Not all security breaches are the work of criminal hackers attacking your company over the internet. Either by negligence or malice, a significant number of security breaches are the work of staff members.

According to the McAfee 2007 Virtual Criminology Report, criminal groups are targeting employees and sponsoring undergraduates to steal data from inside businesses using virtually undetectable transfers to USB keys and other mobile devices. The stolen data is then held for ransom or sold to anyone who will pay for it.

Of course, the most common kind of security breach is unintentional. The modern mobile workforce has many advantages ? working from home or the road, accessing data anywhere at any time ? but from a security perspective it can be problematic. For convenience, copies of confidential data can and will probably be copied to USB keys, removable hard disks, notebook computers, mobile handsets or emailed to insecure home email accounts. Staff will bring their own insecure notebooks to work, or take work notebooks home and connect them to their home ADSL connection, which may or may not be secure.

In Europe, McAfee found that a quarter of workers connected their private gadgets to their work network, and another quarter took work notebooks home and connected them to their home network. With all this data moving outside of the control of the business, the potential for data leaks is enormous.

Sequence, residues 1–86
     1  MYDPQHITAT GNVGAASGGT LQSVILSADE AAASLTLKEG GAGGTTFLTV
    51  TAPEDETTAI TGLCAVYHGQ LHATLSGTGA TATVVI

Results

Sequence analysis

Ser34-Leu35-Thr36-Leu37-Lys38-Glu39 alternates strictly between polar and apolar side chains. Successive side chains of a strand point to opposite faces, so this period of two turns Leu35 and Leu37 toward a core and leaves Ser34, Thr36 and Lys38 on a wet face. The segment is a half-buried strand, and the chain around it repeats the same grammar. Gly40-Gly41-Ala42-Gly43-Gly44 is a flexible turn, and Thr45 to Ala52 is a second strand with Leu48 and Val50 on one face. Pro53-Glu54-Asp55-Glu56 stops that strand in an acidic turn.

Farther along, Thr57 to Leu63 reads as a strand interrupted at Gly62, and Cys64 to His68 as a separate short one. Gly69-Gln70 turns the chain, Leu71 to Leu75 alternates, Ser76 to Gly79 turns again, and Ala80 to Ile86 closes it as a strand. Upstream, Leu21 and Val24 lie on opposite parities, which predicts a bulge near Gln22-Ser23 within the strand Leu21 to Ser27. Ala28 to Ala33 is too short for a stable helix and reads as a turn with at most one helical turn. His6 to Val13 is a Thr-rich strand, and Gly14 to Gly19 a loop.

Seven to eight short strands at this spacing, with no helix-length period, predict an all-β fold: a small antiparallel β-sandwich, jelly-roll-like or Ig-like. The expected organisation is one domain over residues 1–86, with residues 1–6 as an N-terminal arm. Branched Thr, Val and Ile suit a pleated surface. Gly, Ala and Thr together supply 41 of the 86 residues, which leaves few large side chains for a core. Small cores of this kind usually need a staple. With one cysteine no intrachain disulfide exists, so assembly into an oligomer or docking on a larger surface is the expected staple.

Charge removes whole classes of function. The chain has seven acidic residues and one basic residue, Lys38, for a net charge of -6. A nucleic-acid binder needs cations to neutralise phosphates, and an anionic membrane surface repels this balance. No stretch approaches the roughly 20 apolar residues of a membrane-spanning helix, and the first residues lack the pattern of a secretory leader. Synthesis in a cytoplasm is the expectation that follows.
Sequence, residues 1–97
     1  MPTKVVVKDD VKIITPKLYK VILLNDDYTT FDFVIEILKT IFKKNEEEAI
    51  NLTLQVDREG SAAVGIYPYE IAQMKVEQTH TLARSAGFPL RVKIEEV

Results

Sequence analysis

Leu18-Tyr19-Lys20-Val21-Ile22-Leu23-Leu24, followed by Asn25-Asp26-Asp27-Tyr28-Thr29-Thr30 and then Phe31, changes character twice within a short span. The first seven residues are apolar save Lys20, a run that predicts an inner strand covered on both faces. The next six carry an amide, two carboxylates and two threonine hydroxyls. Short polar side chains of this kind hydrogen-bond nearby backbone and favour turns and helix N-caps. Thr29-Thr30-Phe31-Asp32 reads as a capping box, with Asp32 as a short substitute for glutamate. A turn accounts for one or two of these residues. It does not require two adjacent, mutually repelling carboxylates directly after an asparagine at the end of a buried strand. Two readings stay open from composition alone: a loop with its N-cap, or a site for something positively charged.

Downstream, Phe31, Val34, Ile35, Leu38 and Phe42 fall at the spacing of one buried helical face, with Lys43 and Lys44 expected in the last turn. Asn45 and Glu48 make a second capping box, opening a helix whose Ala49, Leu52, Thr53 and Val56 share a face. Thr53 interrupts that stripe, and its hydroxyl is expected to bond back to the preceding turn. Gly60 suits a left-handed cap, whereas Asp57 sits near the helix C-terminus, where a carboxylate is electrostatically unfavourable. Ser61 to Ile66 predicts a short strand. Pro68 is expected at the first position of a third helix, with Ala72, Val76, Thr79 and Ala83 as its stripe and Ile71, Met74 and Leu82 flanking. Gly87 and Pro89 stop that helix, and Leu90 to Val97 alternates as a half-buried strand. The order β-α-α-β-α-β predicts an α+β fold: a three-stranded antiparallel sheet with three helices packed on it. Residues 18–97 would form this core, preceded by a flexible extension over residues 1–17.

Protecting your mobile equipment

Here are some tips for dealing with the chaos that teleworking can bring:

  1. Create and enforce company policies about what data can be taken on what devices. Encourage and enable situations where users can access data remotely without having to make local copies of it. Secure VPNs (virtual private networks) are good for this purpose.
  2. Institute access controls on server data, so that only authorised persons can access it.
  3. Use encryption software, available for both handhelds (like PDAs and smartphones) and notebook computers. That way even if a device is lost or stolen, the data cannot be accessed.
  4. Acquire business notebooks and devices with biometric and other security measures, such as fingerprint readers and smart card readers.
  5. Create revokable access mechanisms. Universal passwords are a bad idea ? per-user passwords are easier to revoke in the case a stolen device.
  6. Any personal equipment, such as privately owned notebooks and PCs, that will have company data on them should have the same security measures applied as the company-owned notebooks. At the very least they should have a current security suite. Managed service suites (like McAfee Total Protection for Small Business) are perfect for this kind of application, since you can monitor and manage the security on the private computers no matter where they are, and you don?t have to blindly trust your staff member to do the right thing.